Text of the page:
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United States v. Bestfoods

"a Relaxed, Cercla-specific Rule Of Derivative Liability"

The subsequent Supreme Court case involved only CPC/Bestfoods, as the Aerojet action touched on questions unrelated to the issue of corporate veil-piercing. The Court, which reviewed the case in June of 1998--some forty years after Ott I first began operating at, and presumably polluting, the Muskegon site--handed down a unanimous ruling that upheld the Sixth Circuit's decision. Nonetheless, the Court's opinion, delivered by Justice Souter, noted aspects of the appeals court's reasoning which it deemed faulty.

In the first part of its ruling, the Court observed that it is an accepted principle of corporate law--one which CERCLA did not purport to invalidate--that corporate parents are not automatically liable for the actions of their subsidiaries. An exception to this principle, of course, would occur when (and only when) the corporate veil could be pierced. One example of an instance in which veil-piercing would be justified is when "the corporate form would otherwise be misused to accomplish certain wrongful purposes, most notably fraud, on the shareholders' [i.e., parent's] behalf." In the absence of clearly defined stipulations in CERCLA regarding the definition of corporate parenthood, the Court found, the wisest course would be to refer to common law, or in this case to the "general principle of corporate law that a parent corporation (so-called because of control through ownership of another corporation's stock) is not liable for the acts of its subsidiaries."

The Court held that only "a corporate parent that actively participated in, and exercised control over, the operations of its subsidiary's facility may be held directly liable [as an operator] in its own right" under Section 107 of CERCLA. Addressing questions of direct, rather than derivative, liability, the Court sought to clarify CERCLA's definition of "operator," and found that in the present context of an environmental cleanup, "an operator must manage, direct, or conduct operations specifically related to the leakage or disposal of hazardous waste, or decisions about compliance with environmental regulations." The Sixth Circuit had been correct to reject the district court's analysis of direct liability, which had rested merely on the fact of CPC's ownership of the subsidiary. Instead of this parent-subsidiary focus, the Court found, the district court should have based its analysis on the question of whether CPC actually "operated"--i.e., directly participated in the operations of--the facility. Inasmuch as an officer or director of Ott II had a role in CPC as well, in accordance with common-law principles, their actions should be attributed to Ott II rather than to the parent. By failing to focus on the more significant parent-facility relationship, and by mistakenly attributing the actions of Ott II officers to CPC, the district court had overstepped commonly accepted standards of limited liability. Hence it would have created "what is in essence a relaxed, CERCLA-specific rule of derivative liability" that neither justified in the common law nor in CERCLA's (and Congress's) silence on the subject.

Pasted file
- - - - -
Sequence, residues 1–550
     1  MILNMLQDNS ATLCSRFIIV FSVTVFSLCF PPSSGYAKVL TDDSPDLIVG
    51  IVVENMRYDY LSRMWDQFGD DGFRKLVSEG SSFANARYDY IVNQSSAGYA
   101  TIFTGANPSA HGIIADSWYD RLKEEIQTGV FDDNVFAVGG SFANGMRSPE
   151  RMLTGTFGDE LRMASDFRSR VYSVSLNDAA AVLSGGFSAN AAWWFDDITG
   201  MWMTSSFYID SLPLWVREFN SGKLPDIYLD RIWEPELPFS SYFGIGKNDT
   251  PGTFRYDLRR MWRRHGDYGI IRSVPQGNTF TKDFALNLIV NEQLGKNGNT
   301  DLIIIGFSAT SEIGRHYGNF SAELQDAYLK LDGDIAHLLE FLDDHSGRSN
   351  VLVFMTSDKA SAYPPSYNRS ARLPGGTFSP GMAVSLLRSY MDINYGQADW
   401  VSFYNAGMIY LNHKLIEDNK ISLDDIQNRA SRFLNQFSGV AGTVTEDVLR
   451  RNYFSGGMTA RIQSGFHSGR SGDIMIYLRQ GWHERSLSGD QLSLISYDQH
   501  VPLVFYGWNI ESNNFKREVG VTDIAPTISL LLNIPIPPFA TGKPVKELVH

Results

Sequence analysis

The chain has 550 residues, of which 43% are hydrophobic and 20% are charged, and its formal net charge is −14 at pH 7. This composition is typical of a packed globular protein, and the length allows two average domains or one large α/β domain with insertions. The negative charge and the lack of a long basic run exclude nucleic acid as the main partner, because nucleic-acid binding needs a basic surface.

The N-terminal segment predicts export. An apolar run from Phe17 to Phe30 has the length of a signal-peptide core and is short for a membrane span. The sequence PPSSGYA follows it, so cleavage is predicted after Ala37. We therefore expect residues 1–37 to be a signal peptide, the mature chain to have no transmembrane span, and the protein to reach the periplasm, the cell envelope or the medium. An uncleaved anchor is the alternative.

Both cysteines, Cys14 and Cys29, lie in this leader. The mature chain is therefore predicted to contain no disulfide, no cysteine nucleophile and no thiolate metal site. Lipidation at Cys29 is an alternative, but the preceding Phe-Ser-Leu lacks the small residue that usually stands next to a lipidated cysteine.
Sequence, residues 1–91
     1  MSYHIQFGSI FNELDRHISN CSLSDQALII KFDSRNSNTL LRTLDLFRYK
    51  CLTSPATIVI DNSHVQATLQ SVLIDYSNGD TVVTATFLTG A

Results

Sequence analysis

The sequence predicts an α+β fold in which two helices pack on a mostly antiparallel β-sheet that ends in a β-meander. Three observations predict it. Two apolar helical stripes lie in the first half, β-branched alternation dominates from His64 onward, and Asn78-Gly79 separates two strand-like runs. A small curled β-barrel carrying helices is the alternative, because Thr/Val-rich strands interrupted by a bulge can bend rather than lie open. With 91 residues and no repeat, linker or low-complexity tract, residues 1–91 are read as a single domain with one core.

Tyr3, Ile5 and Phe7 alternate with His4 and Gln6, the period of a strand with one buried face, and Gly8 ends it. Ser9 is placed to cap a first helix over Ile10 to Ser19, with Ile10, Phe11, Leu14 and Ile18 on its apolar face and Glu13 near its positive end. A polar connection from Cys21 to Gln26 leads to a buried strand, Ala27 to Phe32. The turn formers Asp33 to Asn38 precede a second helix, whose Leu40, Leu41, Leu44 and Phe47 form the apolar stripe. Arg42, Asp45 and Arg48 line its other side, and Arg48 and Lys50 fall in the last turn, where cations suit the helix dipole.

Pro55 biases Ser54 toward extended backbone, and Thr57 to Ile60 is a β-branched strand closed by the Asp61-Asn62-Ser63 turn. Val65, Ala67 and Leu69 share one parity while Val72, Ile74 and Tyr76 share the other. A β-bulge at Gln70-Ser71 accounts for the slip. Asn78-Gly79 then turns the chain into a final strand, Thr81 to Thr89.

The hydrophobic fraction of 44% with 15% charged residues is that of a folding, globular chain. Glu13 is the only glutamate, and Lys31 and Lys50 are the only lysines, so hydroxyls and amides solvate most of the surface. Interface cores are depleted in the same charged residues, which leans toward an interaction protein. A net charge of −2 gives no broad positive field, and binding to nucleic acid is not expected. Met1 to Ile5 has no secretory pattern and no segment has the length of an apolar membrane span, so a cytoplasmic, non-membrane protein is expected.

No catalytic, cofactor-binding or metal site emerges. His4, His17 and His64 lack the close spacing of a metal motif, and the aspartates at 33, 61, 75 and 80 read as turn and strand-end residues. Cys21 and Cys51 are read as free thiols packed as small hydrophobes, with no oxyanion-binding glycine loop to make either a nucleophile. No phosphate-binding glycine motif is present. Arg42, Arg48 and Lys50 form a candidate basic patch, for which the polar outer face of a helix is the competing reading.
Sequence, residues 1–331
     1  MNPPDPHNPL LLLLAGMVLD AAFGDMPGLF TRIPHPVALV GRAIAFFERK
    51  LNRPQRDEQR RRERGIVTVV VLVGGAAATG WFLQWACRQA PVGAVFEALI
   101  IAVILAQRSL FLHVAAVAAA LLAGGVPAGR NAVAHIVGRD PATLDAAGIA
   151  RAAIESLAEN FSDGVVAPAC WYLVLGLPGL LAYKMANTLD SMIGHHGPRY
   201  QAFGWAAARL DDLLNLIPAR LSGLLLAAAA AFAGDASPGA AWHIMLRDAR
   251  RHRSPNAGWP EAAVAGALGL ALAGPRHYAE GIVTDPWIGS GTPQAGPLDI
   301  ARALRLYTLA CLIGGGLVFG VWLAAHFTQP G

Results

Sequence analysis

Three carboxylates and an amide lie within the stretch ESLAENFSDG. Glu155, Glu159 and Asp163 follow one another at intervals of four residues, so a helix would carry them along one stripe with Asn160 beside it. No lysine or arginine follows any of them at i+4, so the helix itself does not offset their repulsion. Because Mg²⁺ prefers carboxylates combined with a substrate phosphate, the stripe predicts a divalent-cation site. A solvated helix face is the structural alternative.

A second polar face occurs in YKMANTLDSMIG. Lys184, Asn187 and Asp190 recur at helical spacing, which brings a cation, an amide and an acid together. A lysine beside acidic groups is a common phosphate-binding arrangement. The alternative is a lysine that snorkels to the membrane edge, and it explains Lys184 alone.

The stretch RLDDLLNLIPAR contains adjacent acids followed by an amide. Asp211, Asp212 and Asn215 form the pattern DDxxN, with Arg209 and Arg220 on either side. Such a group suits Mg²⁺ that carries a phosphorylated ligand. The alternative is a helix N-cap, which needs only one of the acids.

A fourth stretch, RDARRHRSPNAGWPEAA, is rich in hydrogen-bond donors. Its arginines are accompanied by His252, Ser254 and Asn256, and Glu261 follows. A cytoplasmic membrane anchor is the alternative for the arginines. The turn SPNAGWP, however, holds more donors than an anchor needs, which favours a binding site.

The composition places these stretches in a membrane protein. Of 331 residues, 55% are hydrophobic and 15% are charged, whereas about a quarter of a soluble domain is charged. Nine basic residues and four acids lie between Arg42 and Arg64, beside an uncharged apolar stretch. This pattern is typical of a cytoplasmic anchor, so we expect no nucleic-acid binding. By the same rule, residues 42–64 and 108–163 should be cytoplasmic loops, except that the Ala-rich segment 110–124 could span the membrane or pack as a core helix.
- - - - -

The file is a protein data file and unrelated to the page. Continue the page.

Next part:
But the Court also faulted aspects of the Sixth Circuit's ruling, inasmuch as it "limit[ed] direct liability under CERCLA to a parent's sole or joint venture operation, so as to eliminate any possible finding that CPC is liable as an operator on the facts of the case." Thus it had ignored the possibility of a joint officer or director who claims to operate on behalf of the subsidiary, or both the subsidiary and the parent, but in fact operates solely on behalf of the parent. To make this determination, the appeals court needed only to observe "norms of corporate behavior (undisturbed by any CERCLA provision)." Such a route offered promise, the Court noted, due to "evidence that an agent of CPC alone [G. R. D. Williams] engaged in activities at Ott II's plant that were eccentric under accepted norms of parental oversight at a subsidiary's facility." The fact that Williams had been instrumental in shaping the environmental compliance policy of the subsidiary, in the Court's view, suggested a possibility not so much that CPC fully controlled Ott II (as the district court had held), but that it actually was operating the Muskegon plant directly. Had this been shown, the results of United States v. Bestfoods might have been quite different. But this was beyond the Court's directive in the present case, as Justice Souter noted: "The findings [with regard to Williams's role] are enough to raise an issue of CPC's operation of the facility, though this Court draws no ultimate conclusion, leaving the issue for the lower courts to reevaluate and resolve in the first instance."

Additional topics

Law Library - American Law and Legal InformationNotable Trials and Court Cases - 1995 to PresentUnited States v. Bestfoods - Significance, Don't Drink The Water, Shifting The Burden To The Responsible Parties, A Question Of Parenthood